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Negotiation recommendations on the 2017 Munich Security Conference

Feb 19, 2017

The most important topic, of course, was U.S. President Trump's future course of action in foreign and security policy. The appearance of the U.S. delegation led to many questions. Great anticipation surrounded the speech by Vice President Pence, which, however, turned out to be very disappointing.
 
Dr. Stefan Heissner of EY reported on the discussions on "Cyber Security" and the alleged hacker attacks from Russia.
 
Our faculty member, Dr. Daniel Warner, explained U.S. President Trump's approach and his motive behind "America first". Dr. Warner is a citizen of the United States and of Switzerland and knows both negotiation cultures. He advises the UN, NATO, and the Swiss ministries of defense and foreign-affairs. Warner maintains that President Trump will not survive his entire term in office and lists the following reasons:

  • Trump is money-driven and will soon lose interest in politics.
  • The Washington bureaucracy will delay or paralyze his plans.
  • The conflicts with the press and especially with the CIA will damage him.

 
Dr. Warner mentioned the risks for NATO and for Europe. But above all he spoke about the opportunities this new world order offers.
 
On Saturday, Dr. Dr. Stephan Klement gave insights into the negotiations with Iran. He negotiated the so-called Nuclear Deal on behalf of the EU and the UN. He talked about the consternation in Iran and other countries that watch the U.S. foreign policy with concern.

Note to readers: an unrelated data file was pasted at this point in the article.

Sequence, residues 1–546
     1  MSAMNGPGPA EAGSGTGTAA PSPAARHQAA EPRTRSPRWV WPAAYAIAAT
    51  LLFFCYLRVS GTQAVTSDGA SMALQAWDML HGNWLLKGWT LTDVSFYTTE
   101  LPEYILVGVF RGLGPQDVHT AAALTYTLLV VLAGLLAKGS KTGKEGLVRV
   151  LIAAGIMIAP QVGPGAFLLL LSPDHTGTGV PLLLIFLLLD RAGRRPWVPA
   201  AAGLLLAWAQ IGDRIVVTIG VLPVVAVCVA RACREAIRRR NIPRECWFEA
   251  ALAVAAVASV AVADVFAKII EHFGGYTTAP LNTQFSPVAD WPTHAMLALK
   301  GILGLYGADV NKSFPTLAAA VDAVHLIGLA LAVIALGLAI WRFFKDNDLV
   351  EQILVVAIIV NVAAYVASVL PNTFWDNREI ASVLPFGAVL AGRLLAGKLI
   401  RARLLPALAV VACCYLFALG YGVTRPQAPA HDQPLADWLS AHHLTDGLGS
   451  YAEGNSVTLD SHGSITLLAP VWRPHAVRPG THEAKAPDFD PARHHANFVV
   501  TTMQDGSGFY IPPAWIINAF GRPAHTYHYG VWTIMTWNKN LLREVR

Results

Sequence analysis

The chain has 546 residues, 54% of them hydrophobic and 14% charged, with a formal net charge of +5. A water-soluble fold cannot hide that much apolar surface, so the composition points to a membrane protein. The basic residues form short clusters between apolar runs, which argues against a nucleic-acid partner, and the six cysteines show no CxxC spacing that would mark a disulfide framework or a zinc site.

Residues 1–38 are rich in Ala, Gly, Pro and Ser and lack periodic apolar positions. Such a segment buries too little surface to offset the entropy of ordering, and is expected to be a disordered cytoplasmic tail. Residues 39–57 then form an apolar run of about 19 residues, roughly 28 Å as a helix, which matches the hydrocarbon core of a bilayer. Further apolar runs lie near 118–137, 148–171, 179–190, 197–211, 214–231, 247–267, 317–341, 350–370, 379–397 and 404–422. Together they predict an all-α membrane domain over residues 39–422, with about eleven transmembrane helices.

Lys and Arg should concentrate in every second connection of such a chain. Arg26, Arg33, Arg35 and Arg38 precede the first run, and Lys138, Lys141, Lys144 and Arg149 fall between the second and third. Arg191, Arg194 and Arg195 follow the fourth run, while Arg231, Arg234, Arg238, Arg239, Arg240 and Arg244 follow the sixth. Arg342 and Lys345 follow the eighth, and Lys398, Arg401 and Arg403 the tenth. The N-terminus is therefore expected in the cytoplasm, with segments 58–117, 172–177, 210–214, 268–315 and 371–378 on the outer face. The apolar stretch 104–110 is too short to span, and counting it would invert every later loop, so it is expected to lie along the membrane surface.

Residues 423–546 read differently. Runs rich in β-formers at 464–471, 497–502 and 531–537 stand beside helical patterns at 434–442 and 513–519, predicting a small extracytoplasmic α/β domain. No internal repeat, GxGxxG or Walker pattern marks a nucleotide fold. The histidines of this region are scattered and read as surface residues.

Summary:

  • Germany has grown up and should abandon the attitude that "America is our protector". The time has come to approach the negotiation table with confidence and clear demands.
  • After the Brexit, the EU will have the unique opportunity to recognize a new unity and use it for its negotiations.
  • The negotiations with the United States will be difficult, because Trump is "win"-oriented. Trump is interested in one question only: "What´s in it for me?".
  • Before sitting down for negotiations with Trump, any negotiator from Germany or the EU should think about the following question: "What can I contribute? What is interesting for Trump?"
  • Traditional rules and hierarchies no longer apply, negotiations require a new dynamic and a new approach.
  • It is wrong to wait for additional demands from the U.S. side. The EU should start with their demands and lead the negotiation.
  • The "confrontational negotiation" is the new standard, which is something politicians and diplomats should master as well.

 

Impressions from our event during the 2017 Munich Security Conference can be found here.

Read all tweets regarding the event at #SchrannerMSC17